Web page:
Château La Mission Haut-Brion 2011
(Pessac-Leognan, Bordeaux, France) - [WA 95] [VM 94] [WE 93-95] [JS 93] [WS 93]
Regular price $535.00 Sale price $449.99 Save $85.01
About the Château:
Created and developed in the sixteenth and seventeenth centuries by the influential Lestonnac family, Château La Mission Haut-Brion began to achieve wider renown in 1682, when it passed into the hands of the Prêcheurs de la Mission.
In the nineteenth century, a family from Louisiana, the Chiapellas, acquired the property from the missionary order and La Mission’s worldwide reputation grew further. The jury of the 1862 International Exhibition in London, highly attentive to the particular qualities of Château La Mission Haut-Brion’s wines, awarded the estate its Gold Medal. The many achievements of the Woltner family, who held title to the property between 1919 and 1983, would expand the renown of the estate and its wines.
La Mission Haut-Brion is now one of the jewels of the Domaine Clarence Dillon, who totally renovated the château and added state-of-the-art winemaking facilities. Before entering the cellar, a veritable “cathedral of wine”, visitors are now welcomed in the cloister near the small Notre-Dame d’Aubrion chapel built in the late 17th century.
Today many people consider Chateau La Mission Haut-Brion as a “sixth 1855 First Growth”.
Tasting NotesVery deep, dark red colour with mauve highlights. The intense nose has opened up to reveal hints of black cherry and blackberry as well as spice. The bouquet is very "La Mission". The wine starts out broad-based, soft, and tasty. It then spreads out seamlessly with a show of powerful tannin and a creamy middle palate. The tight tannic structure on the finish is supported by a very fine aromatic persistence. Once again, La Mission Haut-Brion is very open at this stage, very expressive, and quite obviously a great wine.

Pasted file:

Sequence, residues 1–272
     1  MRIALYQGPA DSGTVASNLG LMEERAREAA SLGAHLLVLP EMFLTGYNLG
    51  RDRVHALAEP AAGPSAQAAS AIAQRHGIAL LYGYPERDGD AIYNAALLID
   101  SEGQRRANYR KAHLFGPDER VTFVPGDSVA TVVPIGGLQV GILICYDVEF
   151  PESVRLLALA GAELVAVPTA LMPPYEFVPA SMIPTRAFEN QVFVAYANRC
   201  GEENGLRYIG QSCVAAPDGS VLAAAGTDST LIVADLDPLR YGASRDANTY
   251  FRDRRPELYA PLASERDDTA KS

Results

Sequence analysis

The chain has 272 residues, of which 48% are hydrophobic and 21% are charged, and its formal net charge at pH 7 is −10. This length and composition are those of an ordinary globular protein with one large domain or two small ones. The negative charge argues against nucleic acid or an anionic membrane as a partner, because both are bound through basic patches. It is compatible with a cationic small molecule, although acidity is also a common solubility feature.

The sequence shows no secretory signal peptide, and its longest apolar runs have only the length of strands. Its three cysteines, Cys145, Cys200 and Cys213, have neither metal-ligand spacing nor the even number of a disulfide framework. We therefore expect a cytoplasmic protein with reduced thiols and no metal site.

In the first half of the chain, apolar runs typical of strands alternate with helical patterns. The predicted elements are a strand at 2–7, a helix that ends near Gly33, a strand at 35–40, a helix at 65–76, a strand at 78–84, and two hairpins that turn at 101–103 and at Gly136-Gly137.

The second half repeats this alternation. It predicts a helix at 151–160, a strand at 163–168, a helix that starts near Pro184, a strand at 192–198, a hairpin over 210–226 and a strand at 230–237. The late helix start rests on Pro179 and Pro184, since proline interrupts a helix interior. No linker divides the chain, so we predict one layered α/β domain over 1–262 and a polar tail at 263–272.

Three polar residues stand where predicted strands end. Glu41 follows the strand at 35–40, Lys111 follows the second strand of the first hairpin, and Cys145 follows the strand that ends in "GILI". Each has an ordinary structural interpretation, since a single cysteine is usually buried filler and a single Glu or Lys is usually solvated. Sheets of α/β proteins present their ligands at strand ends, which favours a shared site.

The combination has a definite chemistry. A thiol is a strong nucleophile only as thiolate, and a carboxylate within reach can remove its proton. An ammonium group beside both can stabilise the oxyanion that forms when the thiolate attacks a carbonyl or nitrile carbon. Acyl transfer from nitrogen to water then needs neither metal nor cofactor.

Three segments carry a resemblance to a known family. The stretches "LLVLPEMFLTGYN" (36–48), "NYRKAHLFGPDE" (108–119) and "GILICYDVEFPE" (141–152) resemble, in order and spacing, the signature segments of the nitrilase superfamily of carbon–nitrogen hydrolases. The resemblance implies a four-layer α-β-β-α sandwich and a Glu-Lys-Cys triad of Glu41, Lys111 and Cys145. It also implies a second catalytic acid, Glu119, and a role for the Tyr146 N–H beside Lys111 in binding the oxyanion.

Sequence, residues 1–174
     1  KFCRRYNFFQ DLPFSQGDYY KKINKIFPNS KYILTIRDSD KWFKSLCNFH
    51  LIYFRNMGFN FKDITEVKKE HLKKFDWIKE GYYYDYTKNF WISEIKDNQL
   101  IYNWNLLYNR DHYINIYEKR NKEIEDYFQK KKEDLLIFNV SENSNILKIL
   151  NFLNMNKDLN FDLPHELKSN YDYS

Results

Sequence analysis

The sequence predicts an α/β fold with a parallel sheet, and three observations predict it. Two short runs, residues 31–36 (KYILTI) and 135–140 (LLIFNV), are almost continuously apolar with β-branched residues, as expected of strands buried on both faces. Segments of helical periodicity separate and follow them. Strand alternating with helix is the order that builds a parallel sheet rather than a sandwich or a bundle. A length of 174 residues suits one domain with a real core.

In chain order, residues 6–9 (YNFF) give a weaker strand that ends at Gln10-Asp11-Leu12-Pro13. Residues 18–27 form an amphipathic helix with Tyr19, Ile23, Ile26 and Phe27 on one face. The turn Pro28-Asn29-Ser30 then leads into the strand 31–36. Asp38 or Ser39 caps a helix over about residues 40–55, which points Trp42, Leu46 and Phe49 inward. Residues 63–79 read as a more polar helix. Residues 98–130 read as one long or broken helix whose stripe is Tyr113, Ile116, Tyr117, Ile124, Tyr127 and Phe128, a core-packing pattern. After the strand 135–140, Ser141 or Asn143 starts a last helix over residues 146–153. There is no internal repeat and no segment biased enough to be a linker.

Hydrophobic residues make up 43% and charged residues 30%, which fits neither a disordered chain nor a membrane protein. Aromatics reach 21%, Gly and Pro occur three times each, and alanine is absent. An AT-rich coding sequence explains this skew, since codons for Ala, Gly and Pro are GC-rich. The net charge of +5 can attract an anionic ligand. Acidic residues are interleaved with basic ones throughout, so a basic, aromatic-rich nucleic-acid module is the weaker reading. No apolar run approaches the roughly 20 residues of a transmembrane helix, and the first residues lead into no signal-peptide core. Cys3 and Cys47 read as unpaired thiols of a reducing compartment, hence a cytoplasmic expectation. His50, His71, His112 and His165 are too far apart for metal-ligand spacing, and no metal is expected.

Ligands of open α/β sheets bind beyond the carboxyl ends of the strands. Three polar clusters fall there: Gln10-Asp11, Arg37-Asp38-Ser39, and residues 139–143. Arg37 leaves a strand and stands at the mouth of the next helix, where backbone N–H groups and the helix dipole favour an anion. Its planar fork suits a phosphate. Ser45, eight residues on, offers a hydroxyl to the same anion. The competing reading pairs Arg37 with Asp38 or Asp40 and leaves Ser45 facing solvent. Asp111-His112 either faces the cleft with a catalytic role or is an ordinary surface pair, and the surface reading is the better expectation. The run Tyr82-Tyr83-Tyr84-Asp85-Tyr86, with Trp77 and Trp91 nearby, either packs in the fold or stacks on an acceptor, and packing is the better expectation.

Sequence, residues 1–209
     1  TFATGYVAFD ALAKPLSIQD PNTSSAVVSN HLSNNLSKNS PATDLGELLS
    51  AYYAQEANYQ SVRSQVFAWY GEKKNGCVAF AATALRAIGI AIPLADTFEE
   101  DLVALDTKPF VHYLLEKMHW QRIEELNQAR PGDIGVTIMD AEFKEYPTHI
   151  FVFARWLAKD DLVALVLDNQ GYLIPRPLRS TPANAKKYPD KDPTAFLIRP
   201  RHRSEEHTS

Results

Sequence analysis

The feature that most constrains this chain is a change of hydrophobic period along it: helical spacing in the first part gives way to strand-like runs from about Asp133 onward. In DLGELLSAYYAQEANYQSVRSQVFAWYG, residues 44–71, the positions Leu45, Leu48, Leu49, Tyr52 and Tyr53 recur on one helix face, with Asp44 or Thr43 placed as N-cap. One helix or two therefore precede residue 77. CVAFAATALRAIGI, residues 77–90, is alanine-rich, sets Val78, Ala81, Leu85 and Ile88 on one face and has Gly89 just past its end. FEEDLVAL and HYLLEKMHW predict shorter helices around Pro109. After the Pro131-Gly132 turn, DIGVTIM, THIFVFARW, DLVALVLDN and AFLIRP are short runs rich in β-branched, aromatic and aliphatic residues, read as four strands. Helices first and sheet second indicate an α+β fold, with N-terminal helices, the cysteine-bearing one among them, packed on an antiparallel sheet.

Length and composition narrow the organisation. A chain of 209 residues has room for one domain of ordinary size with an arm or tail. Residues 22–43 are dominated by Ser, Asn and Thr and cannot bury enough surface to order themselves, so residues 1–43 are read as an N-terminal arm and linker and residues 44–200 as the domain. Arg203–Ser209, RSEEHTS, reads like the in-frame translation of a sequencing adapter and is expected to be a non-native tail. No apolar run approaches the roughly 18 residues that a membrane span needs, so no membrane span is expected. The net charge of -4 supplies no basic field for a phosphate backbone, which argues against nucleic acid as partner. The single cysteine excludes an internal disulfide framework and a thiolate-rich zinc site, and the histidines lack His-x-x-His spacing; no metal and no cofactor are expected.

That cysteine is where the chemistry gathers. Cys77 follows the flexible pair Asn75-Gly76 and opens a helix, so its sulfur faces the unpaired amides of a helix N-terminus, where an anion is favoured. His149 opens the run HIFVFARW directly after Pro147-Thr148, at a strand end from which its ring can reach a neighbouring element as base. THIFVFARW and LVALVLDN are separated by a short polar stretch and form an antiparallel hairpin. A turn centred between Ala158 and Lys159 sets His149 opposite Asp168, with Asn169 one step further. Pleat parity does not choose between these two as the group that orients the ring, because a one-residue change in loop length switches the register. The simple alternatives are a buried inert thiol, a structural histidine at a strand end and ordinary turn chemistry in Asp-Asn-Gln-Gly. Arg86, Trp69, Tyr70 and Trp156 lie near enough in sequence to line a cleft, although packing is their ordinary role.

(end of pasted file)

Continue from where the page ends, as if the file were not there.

33.7% Merlot 11.3% Cabernet Franc 55% Cabernet Sauvignon
Ratings & Reviews95 Points - Robert Parker's Wine Advocate:
"The small production (4,150 cases) of 2011 La Mission-Haut-Brion displays the nobility and complexity of this great terroir. Burning embers, scorched earth, blueberry, black currant, licorice and spice aromas jump from the glass of this dense ruby/purple-colored wine. With full body (atypical for a 2011), but no hard edges, this opulent, multidimensional, fleshy, rich, stunningly long, well-balanced La Mission is another great achievement in what has been nearly a century of producing remarkable wines from this hallowed vineyard. The long 2011 should be reasonably mature in another 4-6 years, and last for two decades. It will always be a revelation in a vintage that is unlikely to receive a lot of exciting press. The final blend was 55% Cabernet Sauvignon, 34% Merlot, and 11% Cabernet Franc." - Robert M. Parker, Jr. (4/29/2014)
94 Points - Vinous Media:
"The 2011 La Mission Haut-Brion has a fragrant, perfumed, Margaux-like nose, beautifully defined and revealing hints of cassis and blueberry – a feminine, alluring, very pure bouquet designed to seduce, which it does. The palate is medium-bodied with fine, silky-smooth tannins and near-perfect acidity. The new oak comes on a little strong toward the finish, but it will fully integrate with time. A gorgeous wine in the context of the vintage." - Neal Martin (Sept 2021)
93-95 Points - Wine Enthusiast:
"An impressive wood- and tannin-laden wine, with intense, solid fruit. It's powerful, very dry and complex." - Roger Voss (5/11/2012)
93 Points - James Suckling:
"A wine with pretty dark-chocolate, berry and currant character. Stones, too. Full body, chewy but polished tannins and a firm finish. Already showing the sea shell and iodine. Needs at least four or five years to soften. Reminds me of the excellent 1978. Try in 2019." (2/18/2014)
93 Points - Wine Spectator:
"This sports a pleasantly grippy edge of briar and cassis bush notes, with a densely layered core of dark fig, blackberry and black currant fruit that should move to the fore soon enough. The long, mesquite-tinged finish has solid grip. Best from 2016 through 2030." – JM (3/31/2014)